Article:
After lunch, Kristina Jeromin stepped onto the stage and captured the spectators’ attention with her free keynote speech on the subject Sustainability and ESG. Her tenor was that caring for sustainability in the finance sector is no longer an option but a must. Federico Avellán Borgmeyer pointed out right at the beginning of his presentation that there is no sure formula for challenges in VUCA times. Nonetheless, efcom has recently done a lot to promote resilience through a well thought-out service. That includes an increase in flexibility through modular solutions, scalability with regard to usage (pay-per-use), a continuous improvement of our client experience (anytime, anywhere, from any device), increased security, and growing internationality.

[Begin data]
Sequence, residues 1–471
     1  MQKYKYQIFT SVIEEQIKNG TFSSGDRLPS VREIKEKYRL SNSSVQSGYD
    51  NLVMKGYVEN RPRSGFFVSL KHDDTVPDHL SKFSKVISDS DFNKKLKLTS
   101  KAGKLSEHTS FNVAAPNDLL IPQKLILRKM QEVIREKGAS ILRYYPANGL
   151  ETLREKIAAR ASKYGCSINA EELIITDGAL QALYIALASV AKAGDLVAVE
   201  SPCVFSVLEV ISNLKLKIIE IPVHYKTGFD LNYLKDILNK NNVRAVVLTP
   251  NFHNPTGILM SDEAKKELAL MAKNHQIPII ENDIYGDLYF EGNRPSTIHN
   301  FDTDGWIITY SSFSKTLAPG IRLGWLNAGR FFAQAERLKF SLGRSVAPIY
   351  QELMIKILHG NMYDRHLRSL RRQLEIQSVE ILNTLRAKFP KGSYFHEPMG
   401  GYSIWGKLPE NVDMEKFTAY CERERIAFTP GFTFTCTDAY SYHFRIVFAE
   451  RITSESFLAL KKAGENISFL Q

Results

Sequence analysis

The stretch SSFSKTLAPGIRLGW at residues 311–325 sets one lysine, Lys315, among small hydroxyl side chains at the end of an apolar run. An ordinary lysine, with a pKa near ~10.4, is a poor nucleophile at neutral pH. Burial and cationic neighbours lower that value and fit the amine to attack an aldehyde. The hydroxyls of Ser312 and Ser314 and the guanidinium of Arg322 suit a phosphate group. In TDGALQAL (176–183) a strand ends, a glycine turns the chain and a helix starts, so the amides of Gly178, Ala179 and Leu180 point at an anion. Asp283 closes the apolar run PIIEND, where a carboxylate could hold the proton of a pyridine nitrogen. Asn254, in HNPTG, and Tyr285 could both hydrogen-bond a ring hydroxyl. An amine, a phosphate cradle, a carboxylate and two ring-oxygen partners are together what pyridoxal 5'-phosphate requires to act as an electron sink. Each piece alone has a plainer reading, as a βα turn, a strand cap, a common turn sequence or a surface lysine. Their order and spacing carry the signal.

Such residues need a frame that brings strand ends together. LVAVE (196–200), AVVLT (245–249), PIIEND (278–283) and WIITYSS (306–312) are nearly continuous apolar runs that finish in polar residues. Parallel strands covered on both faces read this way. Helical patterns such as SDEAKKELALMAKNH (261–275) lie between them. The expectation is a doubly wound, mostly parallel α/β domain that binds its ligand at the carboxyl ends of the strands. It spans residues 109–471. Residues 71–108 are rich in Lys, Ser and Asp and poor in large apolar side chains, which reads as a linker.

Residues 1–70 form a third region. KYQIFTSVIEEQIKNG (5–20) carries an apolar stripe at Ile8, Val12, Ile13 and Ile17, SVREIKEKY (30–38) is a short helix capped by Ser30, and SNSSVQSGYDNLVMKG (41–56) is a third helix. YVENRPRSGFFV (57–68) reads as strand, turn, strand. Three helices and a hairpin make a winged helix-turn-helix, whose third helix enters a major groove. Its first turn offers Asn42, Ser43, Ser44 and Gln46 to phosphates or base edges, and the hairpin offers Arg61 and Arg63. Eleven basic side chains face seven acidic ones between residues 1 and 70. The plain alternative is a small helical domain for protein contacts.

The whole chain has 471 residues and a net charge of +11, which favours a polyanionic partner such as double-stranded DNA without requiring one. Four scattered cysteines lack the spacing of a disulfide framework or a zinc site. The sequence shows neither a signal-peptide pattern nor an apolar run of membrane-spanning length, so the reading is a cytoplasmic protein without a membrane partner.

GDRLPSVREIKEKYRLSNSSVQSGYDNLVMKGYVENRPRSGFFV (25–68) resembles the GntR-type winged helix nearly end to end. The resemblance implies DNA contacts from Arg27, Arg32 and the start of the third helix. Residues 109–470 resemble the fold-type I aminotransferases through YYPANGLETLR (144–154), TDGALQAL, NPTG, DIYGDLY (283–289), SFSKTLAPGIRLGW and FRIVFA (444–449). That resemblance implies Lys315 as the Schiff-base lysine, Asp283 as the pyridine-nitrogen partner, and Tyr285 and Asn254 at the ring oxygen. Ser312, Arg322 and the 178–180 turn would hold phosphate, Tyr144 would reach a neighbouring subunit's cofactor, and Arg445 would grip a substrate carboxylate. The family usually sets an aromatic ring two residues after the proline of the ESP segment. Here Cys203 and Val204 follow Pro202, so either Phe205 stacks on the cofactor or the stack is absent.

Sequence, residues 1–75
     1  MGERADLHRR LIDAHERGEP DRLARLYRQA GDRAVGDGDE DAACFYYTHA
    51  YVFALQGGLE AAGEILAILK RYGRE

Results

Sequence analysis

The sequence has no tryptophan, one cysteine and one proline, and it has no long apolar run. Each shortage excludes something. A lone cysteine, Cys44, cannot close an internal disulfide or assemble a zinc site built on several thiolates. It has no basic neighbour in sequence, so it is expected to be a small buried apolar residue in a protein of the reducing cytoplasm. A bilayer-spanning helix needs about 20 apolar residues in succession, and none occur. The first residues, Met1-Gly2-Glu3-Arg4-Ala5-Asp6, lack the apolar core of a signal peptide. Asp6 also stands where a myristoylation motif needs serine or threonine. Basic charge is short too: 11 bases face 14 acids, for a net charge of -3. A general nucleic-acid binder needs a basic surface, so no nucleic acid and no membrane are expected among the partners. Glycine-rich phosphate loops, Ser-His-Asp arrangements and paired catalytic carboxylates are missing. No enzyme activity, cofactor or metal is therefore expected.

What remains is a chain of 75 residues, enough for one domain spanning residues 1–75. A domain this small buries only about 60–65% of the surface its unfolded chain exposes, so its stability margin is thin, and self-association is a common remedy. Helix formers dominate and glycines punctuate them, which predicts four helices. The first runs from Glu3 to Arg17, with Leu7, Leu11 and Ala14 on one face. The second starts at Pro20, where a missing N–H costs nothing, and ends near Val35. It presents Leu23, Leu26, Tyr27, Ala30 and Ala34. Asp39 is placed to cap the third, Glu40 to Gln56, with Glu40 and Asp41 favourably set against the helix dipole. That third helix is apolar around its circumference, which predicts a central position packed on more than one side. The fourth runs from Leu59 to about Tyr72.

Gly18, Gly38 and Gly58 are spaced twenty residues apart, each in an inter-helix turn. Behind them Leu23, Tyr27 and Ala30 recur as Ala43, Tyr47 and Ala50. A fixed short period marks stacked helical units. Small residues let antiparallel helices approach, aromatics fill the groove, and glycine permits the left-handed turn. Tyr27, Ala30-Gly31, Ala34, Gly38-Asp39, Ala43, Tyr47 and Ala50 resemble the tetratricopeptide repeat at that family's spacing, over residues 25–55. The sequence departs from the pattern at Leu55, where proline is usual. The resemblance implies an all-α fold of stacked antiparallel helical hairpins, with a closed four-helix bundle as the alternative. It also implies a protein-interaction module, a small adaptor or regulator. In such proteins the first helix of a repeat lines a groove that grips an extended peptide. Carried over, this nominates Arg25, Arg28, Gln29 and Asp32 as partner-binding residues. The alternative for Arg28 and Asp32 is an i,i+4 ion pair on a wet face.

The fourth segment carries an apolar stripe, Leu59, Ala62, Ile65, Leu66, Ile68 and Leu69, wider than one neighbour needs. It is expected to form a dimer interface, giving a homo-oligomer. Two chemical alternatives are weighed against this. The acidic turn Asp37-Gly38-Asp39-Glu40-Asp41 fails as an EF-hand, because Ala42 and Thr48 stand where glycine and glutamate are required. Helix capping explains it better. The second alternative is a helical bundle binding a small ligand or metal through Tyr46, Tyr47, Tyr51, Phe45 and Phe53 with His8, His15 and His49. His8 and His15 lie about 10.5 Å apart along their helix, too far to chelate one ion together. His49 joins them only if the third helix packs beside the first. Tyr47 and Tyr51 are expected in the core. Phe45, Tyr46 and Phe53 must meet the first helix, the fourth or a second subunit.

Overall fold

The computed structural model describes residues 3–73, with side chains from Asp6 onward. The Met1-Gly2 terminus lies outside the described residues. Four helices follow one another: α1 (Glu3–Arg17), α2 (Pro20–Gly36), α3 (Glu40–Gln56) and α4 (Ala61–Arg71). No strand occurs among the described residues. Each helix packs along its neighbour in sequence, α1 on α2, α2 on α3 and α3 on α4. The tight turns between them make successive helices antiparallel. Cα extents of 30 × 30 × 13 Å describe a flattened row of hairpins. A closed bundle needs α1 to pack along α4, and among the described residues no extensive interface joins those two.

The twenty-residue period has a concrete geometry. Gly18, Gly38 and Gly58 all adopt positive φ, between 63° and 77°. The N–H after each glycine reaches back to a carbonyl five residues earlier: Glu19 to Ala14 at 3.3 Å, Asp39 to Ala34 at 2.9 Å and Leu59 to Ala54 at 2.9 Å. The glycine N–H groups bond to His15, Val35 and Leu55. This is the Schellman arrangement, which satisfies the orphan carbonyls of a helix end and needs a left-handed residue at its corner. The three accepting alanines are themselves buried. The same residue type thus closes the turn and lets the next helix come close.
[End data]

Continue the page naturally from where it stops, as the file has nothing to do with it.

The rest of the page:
So what is our conclusion for the factoring symposium? We hope that all participants felt comfortable in the Frankfurter Stadthaus and were able to take away many new ideas and inspiration. In this sense, we are already looking forward to inviting you to the next event by efcom—until then, stay tuned!